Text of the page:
Explore this issueAugust/September 2014
Contamination control is critical in a wide spectrum of industries, none more so than food manufacturing and processing. From the mixing and packaging of powdered ingredients and spices to grain storage and loading dock operations, control is vitally important to a myriad of food industry processes.
At the very least, particulate matter in the air is a nuisance. However, it can cause serious quality and safety issues as well. At the nuisance level, particulate generated from cutting, grinding, mixing, etc., can settle on surfaces significant distances from the operation if containment equipment is not in place. Dust on neighboring equipment, furniture, office equipment, windows, and floors becomes a constant drain on cleaning and maintenance resources. On the more serious end of product quality, uncontrolled particulate matter can spoil or degrade batches of differing critical materials, particularly in food processing.
From a safety standpoint, there are many circumstances where high enough concentrations of airborne dust-sized particulate in a closed space can become explosive or flammable. This includes seemingly innocuous products we wouldn’t normally think of as explosion hazards—including grain, flour, sugar, and powdered milk. Additionally, airborne particulate can be a health threat to employees. These risks can range from a skin, eye, or bronchial irritation to more serious issues for people with asthma. Most serious can be the potential for particulates to cause lung diseases like cancer.
Controlling Particulate Contamination
Several methods can be used to keep particulate in one space from contaminating another, including:
- Local exhaust – a high-velocity airflow stream captures particles at the point they are generated and carries them away;
- Exhaust with filtration – a high-velocity airflow stream captures particles and recirculates them through a filter medium, where they are removed;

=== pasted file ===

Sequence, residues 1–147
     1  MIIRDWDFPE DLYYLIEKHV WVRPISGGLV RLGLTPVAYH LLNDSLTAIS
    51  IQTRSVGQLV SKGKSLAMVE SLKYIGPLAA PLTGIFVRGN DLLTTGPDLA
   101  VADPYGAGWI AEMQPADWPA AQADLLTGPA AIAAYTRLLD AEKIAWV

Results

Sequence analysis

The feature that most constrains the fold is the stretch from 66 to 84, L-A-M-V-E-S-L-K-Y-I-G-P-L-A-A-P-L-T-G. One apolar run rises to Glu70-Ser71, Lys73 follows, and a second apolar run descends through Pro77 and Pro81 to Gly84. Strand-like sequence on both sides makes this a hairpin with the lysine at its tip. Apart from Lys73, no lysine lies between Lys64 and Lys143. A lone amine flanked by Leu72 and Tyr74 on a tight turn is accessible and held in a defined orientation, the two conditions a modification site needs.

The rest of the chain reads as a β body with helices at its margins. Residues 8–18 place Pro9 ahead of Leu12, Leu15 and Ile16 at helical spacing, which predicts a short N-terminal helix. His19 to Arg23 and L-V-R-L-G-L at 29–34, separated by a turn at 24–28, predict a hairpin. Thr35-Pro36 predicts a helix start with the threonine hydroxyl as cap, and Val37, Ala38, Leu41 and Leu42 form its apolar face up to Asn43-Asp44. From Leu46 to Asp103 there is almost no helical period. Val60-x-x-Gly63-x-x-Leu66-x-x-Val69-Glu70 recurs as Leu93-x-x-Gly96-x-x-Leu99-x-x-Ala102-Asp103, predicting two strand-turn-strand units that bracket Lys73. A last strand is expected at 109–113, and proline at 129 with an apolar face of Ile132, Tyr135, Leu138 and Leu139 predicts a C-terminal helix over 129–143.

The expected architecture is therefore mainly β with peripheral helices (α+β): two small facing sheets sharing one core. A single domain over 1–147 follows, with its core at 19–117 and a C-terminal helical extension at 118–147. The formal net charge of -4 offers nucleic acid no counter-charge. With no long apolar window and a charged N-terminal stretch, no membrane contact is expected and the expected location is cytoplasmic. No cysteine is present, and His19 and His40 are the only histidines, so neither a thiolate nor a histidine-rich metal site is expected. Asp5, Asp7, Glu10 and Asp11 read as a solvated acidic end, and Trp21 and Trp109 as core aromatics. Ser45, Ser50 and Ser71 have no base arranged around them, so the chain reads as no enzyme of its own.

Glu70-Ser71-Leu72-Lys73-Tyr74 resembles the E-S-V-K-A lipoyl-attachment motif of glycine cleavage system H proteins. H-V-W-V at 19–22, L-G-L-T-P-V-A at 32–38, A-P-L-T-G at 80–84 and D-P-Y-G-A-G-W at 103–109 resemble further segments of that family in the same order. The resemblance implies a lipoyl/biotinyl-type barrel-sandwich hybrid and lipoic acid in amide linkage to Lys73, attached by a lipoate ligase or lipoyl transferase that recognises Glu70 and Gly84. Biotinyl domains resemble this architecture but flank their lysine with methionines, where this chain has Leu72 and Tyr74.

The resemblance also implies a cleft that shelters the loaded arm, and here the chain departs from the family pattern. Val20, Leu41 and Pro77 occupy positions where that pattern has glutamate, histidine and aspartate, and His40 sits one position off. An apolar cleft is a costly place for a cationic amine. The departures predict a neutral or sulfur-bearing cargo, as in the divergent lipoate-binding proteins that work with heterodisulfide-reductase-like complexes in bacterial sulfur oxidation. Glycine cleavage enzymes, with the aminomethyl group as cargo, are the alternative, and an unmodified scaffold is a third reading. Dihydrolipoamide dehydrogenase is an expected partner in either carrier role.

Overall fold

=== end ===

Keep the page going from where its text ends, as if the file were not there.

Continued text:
- Area exhaust – a high-volume exhaust fan draws air from the full room volume to an outside vent or recirculates through a filtration/separation device; and
- Barrier separation – simply a wall or partition between affected areas. These are especially effective when used to separate clean from ambient spaces in a positive or negative air pressure environment, such as between a loading dock and a food processing area, or between food processing or packaging lines and surrounding areas.
Exhaust separation methods rely on moving a volume of air containing the contaminate particles. Barrier separation can be enhanced by creating a positive or negative pressure differential across the barrier. Each of these could be accomplished through the use of exhaust fans through ducts to create a negative air pressure environment. A local exhaust setup would incorporate some type of hood designed to collect the air and particulate being moved and funnel it into the exhaust ductwork. Area exhaust would include multiple draw points through louvered openings in the ceiling or wall. Either of these methods could, and most likely would, include some type of filtration or particle separator in line to remove particulate from the air stream. This is necessary prior to either recirculation of the air back into the space, or discharge of the air into the atmosphere.
Conversely, in a clean space where offending particulate is not generated, but adjacent space contains foreign matter that could contaminate product in the clean space (e.g. food processing or packaging), a positive air pressure environment would be desired. In this case, filtered air would be pumped into the clean space, creating a positive air pressure within the space and preventing inwardly flowing air currents that could carry foreign particulate matter.
In some cases, a simple partition (wall) between a clean space and an uncontrolled ambient space (such as between a processing area and a loading dock) is an effective means of separation. If negative air pressure differential exists across the wall between the clean and ambient space, the wall acts as a physical barrier, blocking most of any potentially contaminating foreign matter from crossing the barrier. Depending on the degree of particle separation required, and the need and frequency for traffic to move through the partition, a more effective solution would be to introduce a positive air pressure differential to the clean space, as described in the paragraph above.
Fabric Curtain Walls Can Help
Curtain walls can significantly improve the effectiveness of these systems, as well as offer the opportunity for cost savings, both in the initial cost of the equipment and in the direct operating cost.